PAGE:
Using Native OpenCV Code in Android Projects

8 min readOct 6, 2016

There are many ways to integrate the OpenCV library into Android projects. The simplest way is to invoke the OpenCV Manager APIs provided by the OpenCV Manager, an individual app containing the actual library, which is published and maintained by the official OpenCV dev group and must be installed on the device before running apps that require OpenCV. This using model is the easiest one to be implemented among all the methods but it seems to be the worst one for the end users because they need to install another “useless” app on their phones.

A better way than using the OpenCV Manager is to import the OpenCV4Android distribution into the projects. Generated library files can be found in the SDK and the download link can be found directly on the OpenCV home page. You can find the libraries in the sdk/native/libs directory. Copy them into your src/main/jniLibs directory and you can use the OpenCV Java APIs. Writing OpenCV codes in Java seems to be attracting because of the familiar language features like garbage collection and the not-so-bad performance as the computations are performed on the native level via JNI.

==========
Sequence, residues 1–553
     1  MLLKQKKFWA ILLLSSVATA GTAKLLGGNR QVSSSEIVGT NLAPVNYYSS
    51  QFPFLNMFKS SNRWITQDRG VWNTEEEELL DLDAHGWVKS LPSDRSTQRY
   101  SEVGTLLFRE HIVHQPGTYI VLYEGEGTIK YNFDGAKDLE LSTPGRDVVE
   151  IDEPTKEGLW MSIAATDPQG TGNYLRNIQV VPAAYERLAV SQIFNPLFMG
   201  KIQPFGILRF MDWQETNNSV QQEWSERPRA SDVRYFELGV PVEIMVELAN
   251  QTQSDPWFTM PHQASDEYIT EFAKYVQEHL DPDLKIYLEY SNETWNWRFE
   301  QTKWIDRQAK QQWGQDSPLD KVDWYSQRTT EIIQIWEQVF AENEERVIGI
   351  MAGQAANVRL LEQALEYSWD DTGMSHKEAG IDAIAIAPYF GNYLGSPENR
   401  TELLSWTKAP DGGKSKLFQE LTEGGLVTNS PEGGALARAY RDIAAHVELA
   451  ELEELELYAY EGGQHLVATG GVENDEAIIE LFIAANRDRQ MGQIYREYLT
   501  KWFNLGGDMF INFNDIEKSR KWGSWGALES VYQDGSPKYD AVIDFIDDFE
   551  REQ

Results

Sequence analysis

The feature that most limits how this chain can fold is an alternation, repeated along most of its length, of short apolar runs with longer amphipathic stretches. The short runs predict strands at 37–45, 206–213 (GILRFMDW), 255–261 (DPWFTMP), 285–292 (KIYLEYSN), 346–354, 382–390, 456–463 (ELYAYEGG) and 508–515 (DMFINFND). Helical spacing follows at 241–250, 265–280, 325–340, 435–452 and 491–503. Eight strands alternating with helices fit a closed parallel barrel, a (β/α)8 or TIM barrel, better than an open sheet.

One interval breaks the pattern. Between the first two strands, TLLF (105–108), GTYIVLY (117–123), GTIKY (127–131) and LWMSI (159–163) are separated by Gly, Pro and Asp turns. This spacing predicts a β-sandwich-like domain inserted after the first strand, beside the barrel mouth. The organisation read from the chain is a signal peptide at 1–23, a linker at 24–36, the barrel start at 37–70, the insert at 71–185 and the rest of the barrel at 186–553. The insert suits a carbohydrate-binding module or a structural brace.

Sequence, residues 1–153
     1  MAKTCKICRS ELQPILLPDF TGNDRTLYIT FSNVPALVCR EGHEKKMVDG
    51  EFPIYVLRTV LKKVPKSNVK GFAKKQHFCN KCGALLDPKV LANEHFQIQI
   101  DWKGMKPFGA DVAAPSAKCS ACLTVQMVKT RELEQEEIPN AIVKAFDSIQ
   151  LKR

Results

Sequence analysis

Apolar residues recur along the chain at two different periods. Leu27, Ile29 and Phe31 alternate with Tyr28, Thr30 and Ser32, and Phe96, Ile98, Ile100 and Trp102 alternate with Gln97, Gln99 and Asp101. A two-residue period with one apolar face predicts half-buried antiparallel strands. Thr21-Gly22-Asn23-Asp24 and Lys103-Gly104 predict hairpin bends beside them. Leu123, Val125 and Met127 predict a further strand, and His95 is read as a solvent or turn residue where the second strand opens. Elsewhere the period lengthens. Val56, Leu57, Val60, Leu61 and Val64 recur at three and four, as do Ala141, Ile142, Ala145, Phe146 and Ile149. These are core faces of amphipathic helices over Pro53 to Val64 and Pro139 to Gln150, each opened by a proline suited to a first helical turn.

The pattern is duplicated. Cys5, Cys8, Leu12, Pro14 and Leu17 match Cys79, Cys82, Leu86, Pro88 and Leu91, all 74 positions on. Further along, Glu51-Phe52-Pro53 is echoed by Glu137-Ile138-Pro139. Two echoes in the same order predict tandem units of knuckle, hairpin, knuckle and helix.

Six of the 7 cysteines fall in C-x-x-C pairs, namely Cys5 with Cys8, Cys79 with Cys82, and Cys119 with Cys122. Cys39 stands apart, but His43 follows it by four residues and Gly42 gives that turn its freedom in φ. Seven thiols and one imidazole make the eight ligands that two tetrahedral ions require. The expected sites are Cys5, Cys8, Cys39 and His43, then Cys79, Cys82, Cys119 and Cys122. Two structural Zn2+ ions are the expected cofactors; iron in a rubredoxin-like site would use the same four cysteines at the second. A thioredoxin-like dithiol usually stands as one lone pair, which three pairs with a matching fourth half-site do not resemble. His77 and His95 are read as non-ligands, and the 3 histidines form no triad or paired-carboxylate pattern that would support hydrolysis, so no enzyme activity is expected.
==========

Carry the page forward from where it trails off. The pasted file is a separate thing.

However, both the two methods above have the same drawback that, when you’re performing too much API calls to the OpenCV, the extra cost of JNI calls will sorely slow down the computations. Besides, the Java APIs are not the same as the native C++ APIs of OpenCV. For example, you cannot find an alternative in the Java APIs to the Vec class used widely in the C++ side, so when you are “translating” some C++ OpenCV codes into Java, you might easily get confused by the differences of the two sets of APIs.

Thus when you require the maximum performance or you need 100% API support or if you’ve got some native C++ OpenCV code that you want to use directly in your project, the only way is to import the native OpenCV library into your projects.